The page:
In Fall 2018, the Medieval Institute published an Alumni Spotlight feature on alumna Leslie Lockett. Lockett received her Ph.D. from the MI in 2004, writing her dissertation on “Corporeality in the Psychology of the Anglo-Saxons” under the direction of Michael Lapidge and Katherine O’Brien O’Keeffe and is currently Associate Professor of English and Associate Director of the Center for Medieval and Renaissance Studies at The Ohio State University. What not many people know, however, is that in addition to her specialties in Old English and Latin literature as well as early medieval intellectual history and manuscript studies, Lockett, an undergrad Biology major, has a strong interest in medieval cheesemaking. We present here some outtakes from Lockett's original Alumni Spotlight in which she illuminates both the process of cheesemaking in the medieval period as well as medieval cultural attitudes towards cheese.
Tell us about your research on early medieval cheese making. Is that connected with your past in biology?
It is, especially the direction it has taken in the last couple of lectures I have given. I haven’t published anything on this yet, but have been giving papers on it for over a year. I feel hesitant because I am turning a hobby into academic work. I like approaching it from a textual point of view, and then illuminating what’s going on biologically in cheese-making. I mean cheese is basically like a bacteria farm, right? And the good flavors that come out of cheese are made by having the right levels of different bacteria and fungi in your cheese. Most people who know about the biological side don’t know the texts and vice versa. I have a really fun time putting them together.
Are there special blessings for food and for bread and cheese?
There are. Notker has a blessing for bread and cheese. Prudentius has a great hymnal poem for before eating written in very florid language. He writes this insane description of milking the beef to get the milk. Cassian is one of the people who writes about the milking part too. There is also biblical exegesis, like in the book of Job: “hast thou not milked me like milk, and curdled me like cheese?” That’s a really weird thing for Job to say to God. In essence, the mechanism by which curds and whey separate was invisible.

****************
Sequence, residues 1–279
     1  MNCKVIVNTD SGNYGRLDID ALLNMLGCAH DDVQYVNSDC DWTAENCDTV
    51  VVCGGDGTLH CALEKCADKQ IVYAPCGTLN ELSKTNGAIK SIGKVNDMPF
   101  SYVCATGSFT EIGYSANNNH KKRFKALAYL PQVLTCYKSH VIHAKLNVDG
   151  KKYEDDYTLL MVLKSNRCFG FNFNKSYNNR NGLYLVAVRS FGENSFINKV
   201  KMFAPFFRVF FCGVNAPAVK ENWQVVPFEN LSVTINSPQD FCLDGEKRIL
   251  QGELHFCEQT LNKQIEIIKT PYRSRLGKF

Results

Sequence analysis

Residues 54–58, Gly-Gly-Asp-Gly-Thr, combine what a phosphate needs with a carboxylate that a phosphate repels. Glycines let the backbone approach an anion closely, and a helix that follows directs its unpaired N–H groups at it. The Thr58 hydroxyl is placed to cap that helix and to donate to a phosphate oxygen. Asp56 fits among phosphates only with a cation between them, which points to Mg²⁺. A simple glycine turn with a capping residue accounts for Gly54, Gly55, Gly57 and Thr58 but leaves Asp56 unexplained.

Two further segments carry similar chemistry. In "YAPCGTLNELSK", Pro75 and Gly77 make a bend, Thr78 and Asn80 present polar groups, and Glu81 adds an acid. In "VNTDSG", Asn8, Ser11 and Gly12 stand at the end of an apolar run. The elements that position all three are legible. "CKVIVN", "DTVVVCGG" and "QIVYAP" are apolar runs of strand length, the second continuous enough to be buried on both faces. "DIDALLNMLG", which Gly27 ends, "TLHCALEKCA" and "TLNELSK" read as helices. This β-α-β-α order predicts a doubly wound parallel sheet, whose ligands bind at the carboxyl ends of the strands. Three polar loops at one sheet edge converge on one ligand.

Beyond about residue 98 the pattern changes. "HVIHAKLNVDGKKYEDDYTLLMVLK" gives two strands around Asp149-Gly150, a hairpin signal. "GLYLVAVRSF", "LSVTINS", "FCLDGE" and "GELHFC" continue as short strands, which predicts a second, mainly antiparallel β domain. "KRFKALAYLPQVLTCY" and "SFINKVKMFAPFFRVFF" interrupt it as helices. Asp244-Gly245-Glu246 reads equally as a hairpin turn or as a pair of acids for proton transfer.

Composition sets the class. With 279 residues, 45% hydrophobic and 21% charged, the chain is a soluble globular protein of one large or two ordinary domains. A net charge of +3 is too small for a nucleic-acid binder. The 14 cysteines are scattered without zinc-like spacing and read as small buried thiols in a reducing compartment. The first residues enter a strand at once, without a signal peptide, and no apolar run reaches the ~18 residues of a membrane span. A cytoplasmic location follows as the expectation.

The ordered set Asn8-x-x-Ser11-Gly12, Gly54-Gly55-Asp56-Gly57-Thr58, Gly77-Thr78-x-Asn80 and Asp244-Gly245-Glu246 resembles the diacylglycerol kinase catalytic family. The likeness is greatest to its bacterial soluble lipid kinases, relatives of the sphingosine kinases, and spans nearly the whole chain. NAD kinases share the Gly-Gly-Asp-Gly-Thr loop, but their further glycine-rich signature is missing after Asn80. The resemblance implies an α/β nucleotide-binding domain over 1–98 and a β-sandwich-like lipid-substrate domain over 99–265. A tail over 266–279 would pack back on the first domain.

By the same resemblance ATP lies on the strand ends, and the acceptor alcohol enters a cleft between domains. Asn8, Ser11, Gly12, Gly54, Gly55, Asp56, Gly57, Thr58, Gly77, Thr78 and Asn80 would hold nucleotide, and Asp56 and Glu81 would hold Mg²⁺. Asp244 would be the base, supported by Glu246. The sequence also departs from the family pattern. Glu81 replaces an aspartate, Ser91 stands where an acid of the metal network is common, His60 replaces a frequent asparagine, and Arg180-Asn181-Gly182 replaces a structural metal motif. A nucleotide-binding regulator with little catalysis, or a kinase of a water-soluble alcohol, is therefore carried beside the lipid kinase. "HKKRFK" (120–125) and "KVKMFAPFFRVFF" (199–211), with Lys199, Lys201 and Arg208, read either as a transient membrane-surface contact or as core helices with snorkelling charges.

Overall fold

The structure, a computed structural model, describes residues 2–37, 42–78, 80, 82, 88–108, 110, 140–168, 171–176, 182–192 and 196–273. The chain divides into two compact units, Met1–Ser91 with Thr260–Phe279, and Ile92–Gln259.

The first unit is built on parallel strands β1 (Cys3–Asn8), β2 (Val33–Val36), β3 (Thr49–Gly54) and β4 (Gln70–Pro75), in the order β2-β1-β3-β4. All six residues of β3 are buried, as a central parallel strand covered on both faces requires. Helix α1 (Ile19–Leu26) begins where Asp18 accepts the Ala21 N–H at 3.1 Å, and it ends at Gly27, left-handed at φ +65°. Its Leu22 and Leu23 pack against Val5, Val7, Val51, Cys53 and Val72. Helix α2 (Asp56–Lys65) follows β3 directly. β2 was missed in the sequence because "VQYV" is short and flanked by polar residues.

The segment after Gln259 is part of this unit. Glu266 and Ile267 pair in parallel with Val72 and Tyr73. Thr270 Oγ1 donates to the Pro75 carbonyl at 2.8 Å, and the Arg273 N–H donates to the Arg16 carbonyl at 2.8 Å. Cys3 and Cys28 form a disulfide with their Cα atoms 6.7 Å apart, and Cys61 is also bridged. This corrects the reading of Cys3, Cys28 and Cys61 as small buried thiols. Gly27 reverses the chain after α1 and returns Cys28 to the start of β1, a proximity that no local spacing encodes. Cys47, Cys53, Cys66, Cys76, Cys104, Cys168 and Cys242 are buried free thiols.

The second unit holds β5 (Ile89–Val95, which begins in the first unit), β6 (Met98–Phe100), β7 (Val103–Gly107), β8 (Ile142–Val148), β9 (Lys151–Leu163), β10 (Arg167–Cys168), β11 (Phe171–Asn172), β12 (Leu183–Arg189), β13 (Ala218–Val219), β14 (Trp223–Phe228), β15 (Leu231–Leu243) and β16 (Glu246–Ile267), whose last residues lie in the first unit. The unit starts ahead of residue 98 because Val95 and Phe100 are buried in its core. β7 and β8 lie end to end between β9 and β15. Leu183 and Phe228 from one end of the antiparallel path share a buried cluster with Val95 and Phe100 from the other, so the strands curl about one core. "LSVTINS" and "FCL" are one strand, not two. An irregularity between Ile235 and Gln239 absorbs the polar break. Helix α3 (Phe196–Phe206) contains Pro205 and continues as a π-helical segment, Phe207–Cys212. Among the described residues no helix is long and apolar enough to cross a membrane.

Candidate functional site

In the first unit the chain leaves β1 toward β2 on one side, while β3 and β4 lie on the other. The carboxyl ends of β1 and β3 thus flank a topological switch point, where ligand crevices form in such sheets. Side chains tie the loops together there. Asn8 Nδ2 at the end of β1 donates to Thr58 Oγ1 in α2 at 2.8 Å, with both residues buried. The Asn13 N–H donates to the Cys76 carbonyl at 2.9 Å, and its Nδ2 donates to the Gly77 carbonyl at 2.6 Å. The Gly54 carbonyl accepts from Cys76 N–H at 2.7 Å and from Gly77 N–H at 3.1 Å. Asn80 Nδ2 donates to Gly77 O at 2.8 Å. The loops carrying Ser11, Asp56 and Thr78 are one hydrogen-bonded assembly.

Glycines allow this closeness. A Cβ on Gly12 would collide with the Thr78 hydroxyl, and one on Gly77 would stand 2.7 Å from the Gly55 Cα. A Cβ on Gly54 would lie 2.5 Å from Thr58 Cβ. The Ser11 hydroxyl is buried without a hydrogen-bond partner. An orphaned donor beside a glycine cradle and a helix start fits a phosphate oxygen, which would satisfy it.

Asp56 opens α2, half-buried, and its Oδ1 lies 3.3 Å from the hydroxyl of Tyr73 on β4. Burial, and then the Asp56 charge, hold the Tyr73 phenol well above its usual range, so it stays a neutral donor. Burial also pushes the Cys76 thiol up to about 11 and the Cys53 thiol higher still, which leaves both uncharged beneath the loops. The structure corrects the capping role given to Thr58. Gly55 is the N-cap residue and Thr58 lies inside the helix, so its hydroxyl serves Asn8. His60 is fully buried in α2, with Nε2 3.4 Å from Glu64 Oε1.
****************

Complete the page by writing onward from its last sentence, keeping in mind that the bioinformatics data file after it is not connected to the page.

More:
People could make it happen by adding rennet or adding a plant protease, but they didn’t know how it worked since they didn’t have microscopes. So, it was regarded as an analogy for the hand of God coming in and consoling the child in the womb. Because it is so ineffable, “hast thou curdled me like cheese” takes the divine aspect of the formation of the new human being. Basically, any human can do the milking; that’s like sexual reproduction. Then, the curdling of the cheese, that’s where God puts His hand in and you can’t know how it happens. That’s in a few of the early Latin Fathers who comment on Job. There’s also this weird other trajectory of that same kind of image that runs from Aristotle through some of the early Fathers to Hildegard of Bingen, and, weirdly, it survives in modern Basque culture, the cheese metaphors for conception and fertility.
When I’m lecturing on this stuff now, it’s mostly from the angle of the Anglo-Saxons’ cultural attitudes toward cheese, which is complicated. Fresh cheese is a seasonal food to celebrate, but once cheese was out of season, they seem to have been able to make aged cheeses that were stable and safe, but not tasty. I’m wondering why this is not the case in nearby Ireland, where there was a very well-formed culture of appreciating cheese and thinking of it as an honorific or cultured food.
I’ve been exploring whether it’s possible that the cheese makers' ability to micromanage the microorganisms was thrown off by recent migration from a different territory, and then by the climatic minimum that set in around 526 and lasted until the early Carolingian period, which would have altered the conditions. The climatic minimum is similar to a little ice age: a lot of bad weather, not optimal growing conditions. The initial, major event was in 526, but things didn’t start to upswing again until the early ninth century.
At any rate, when you’re dependent on ambient bacteria, not on artificially refrigerated or heated buildings and factory-made cocktails of bacteria that you put in the milk, and other factors that you can’t see and can’t control, your cheese would be subject to being totally messed up by changing environmental conditions. I’m hoping that I’ll be able to do some sort of interdisciplinary project with someone who specializes in environmental history or experimental archeology who can help me figure out whether this hypothesis is remotely feasible or not.
Editor's Note: This interview was conducted by Brandon Cook with editing by Dov Honick.